Here at Envision, we’re going through a bit of a renaissance, thanks in part to a number of stunningly inspirational books we’ve been reading. The Envision Book Club gets together to share our thoughts on the books and figure out ways of really putting the changes we want to make into practice. Sure, we’re still making great websites for our clients, but the way we do it is completely changing – for the better!
We’re big fans of Seth Godin, and especially of his recent book “The Icarus Deception: How High Will You Fly?”. Using the Icarus myth as a touchstone, the book’s central message is that we’re all so afraid of being burned by the sun that we’re actually flying too low. But here’s the part of the myth that is usually ignored: Icarus’ wise father also warned him against flying so low that he falls into the sea.
You Are Your Own Worst Boss
Godin blames industrial age thinking for our play-it-safe mentality. In the twentieth century, cultural tides gave rise to production-line oriented mass consumer culture that gave us security and material wealth, but not happiness.
“Even if you’re not self-employed, your boss is you. You manage your career, your day, your responses”, says Godin. We learned to go along with it, changing ourselves as needed to fit in with whoever was offering the carrot. As a result, we became so afraid of taking risks and especially of failure, that we’re becoming a society of square pegs trying to jam ourselves into round holes.
Why is this a problem? Because unhappy people will never be as productive or impactful as those who are engaged in a labour of love. Godin shares an Einstein quote to drive his point home: “Everybody is a genius. But if you judge a fish by its ability to climb a tree, it will live its whole life believing it is stupid.”
“The Economy Isn’t Broken, It’s Just Different”
The new connection economy means that things don’t have to be this way anymore. In fact, Godin explains, “the connection economy works because it focuses on the lonely and the bored. It works because it embraces the individual, not the mob; the weird, not the normal.” The rise of the internet and social media has democratized media. We don’t have to go on American Idol and wait to be picked. We can, Godin says, pick ourselves.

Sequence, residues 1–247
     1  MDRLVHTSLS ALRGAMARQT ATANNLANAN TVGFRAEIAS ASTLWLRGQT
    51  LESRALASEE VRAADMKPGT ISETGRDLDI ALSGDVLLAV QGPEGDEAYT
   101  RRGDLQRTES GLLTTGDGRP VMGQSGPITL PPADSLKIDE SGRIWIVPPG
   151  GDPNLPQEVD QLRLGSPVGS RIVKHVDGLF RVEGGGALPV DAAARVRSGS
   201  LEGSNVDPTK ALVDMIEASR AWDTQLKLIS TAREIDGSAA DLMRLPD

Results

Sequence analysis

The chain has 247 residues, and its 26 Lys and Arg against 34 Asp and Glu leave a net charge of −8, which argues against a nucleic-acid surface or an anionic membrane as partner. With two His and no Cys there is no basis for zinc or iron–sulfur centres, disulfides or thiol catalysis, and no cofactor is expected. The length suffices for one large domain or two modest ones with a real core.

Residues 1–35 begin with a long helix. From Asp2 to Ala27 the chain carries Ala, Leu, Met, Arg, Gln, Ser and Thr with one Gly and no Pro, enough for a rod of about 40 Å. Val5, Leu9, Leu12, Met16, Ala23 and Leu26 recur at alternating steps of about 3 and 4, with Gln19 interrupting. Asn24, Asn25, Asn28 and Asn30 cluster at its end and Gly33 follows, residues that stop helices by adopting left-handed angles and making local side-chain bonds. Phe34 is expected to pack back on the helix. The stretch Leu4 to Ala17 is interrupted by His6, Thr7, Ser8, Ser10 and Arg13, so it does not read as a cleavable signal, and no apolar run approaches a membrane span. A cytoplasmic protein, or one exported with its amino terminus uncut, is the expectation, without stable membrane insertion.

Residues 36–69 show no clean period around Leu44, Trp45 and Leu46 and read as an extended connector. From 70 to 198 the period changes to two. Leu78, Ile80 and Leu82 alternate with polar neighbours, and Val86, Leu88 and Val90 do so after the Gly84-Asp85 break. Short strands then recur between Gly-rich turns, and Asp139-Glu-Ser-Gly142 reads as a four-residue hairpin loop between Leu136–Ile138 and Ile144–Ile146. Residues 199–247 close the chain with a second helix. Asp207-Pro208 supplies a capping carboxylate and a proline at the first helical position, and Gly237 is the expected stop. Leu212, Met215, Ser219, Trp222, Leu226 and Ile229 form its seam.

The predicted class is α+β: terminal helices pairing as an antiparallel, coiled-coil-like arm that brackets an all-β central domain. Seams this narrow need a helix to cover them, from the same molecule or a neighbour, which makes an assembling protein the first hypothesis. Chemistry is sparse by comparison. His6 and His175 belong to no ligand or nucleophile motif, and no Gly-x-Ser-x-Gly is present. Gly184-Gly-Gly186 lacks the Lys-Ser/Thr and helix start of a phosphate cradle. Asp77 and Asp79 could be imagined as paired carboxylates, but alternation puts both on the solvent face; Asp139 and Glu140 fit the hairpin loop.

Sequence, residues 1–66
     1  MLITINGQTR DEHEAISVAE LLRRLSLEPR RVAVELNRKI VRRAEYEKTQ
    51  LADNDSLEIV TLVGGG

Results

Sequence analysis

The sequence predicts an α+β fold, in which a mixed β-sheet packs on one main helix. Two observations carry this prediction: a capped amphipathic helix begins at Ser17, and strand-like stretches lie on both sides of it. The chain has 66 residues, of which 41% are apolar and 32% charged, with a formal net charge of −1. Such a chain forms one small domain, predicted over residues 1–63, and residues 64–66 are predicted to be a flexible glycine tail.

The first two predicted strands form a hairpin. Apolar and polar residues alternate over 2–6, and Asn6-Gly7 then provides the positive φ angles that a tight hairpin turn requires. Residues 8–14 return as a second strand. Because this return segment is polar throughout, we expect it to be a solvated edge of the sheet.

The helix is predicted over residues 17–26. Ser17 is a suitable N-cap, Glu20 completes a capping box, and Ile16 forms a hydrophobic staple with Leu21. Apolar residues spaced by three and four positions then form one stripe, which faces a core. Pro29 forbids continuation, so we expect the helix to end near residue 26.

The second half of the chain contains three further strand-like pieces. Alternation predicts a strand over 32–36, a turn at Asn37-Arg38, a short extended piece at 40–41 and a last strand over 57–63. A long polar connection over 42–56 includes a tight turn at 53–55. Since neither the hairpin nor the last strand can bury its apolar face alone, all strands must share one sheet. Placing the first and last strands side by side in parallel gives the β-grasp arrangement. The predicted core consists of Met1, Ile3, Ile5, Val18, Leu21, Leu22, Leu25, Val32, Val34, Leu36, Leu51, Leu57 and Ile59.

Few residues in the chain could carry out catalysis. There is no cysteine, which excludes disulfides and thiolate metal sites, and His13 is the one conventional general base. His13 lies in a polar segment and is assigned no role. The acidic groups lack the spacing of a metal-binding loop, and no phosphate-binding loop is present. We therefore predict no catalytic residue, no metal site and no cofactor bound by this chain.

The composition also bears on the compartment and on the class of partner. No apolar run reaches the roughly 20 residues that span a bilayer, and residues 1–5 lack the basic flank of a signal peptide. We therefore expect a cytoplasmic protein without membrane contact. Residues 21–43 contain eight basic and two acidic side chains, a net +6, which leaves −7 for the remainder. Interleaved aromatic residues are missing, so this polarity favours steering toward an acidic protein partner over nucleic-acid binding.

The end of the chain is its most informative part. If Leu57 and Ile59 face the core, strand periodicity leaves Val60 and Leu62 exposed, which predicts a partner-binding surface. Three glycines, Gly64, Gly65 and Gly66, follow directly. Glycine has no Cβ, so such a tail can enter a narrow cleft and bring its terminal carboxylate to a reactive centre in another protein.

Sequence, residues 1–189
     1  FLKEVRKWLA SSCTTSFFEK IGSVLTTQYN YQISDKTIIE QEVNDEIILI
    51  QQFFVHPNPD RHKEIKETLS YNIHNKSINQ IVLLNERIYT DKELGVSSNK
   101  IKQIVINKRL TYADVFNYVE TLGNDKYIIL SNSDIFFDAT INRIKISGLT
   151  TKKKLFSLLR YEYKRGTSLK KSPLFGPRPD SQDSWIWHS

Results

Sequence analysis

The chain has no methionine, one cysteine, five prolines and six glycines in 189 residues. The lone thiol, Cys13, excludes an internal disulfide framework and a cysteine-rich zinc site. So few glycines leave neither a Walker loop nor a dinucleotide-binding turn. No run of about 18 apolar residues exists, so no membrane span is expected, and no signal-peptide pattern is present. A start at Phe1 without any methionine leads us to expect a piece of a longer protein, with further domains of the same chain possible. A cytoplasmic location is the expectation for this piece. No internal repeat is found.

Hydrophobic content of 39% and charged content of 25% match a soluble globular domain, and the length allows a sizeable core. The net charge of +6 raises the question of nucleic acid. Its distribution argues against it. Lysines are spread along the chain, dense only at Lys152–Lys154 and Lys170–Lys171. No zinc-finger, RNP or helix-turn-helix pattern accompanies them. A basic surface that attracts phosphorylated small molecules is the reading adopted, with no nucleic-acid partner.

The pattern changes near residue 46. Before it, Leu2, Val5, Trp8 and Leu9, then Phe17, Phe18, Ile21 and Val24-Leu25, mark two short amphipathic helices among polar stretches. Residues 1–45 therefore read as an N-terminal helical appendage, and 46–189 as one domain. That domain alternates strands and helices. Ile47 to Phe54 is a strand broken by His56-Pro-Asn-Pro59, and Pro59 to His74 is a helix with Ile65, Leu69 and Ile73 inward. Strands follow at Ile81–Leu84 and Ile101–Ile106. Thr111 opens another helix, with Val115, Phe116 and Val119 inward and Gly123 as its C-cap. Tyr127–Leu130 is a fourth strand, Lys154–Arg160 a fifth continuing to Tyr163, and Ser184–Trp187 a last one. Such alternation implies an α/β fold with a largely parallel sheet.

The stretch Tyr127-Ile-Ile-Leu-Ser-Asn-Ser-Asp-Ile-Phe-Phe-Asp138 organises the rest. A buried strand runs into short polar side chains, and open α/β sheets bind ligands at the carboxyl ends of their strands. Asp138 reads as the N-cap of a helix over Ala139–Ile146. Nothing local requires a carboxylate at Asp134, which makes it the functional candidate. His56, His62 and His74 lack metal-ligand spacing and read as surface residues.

We are all artists when we are doing what we are built to do, what we are passionate about doing. Godin takes us on a journey through the past 50 years of conceptual art that proves that art isn’t just a painting on a wall, or some similar artifact.
“Art it seems, is something that is made by an artist. And an artist is someone who is doing something for the first time, something human, something that touches another.” That means your charity is art. Your business is art. Whatever you actually go ahead and do is art. And it can set you free.
Nothing is ever really free, and living to your true potential has its price like anything else. The price is fear, and a willingness to not only to live with failure, but to put it to work for you. You’re going to need a lot of courage to survive and prosper in the new economy. You’re going to need grit. That’s because you’re not making art unless you are vulnerable, and being vulnerable is frightening. Godin says “…you can’t have the bright light of artistic success without the scary risk of failing to connect.”
We’re going to have to stop playing it safe and doing only what we already know how to do. It’s the only way to get “under someone’s skin, of changing the conversation” that will mean real success, not the quick nod of approval.
The Way Out
“The Icarus Deception” is not one of those books that explains what’s wrong but not how to fix it. First, don’t worry about talent, as talent is just the result of practice. Maybe you don’t make things directly, but you can become an impresario, an artist that brings artists together. Either way, Seth Godin proscribes a short list of simple but highly challenging habits that you need to do every day:
Sit alone, sit quietly.
Learn something new without any apparent practical benefit.
Ask individuals for bold feedback; ignore what you hear from the crowd.
Spend time encouraging other artists.
Teach, with the intent of making change.
Ship something you created.
He shares other insights on critical attitudes and practices, like “make predictions” and my favourite, “write daily.” Best of all: “When your art fails, make better art.” There is so much more in “The Icarus Deception” that I want to add! But let’s face it, really you just need to read the book to get the full power of what Godin is advocating.
Just in case you don’t get the book: never forget that you should feel afraid, and there should be resistance. Overcome it. Start your business, your website, your Kickstarter campaign. Leap into the void, make your magic. Fail over and over again. “It’s entirely possible that there won’t be a standing ovation at the end of your journey”, Godin concedes, then explains, “That’s okay. At least you lived.”
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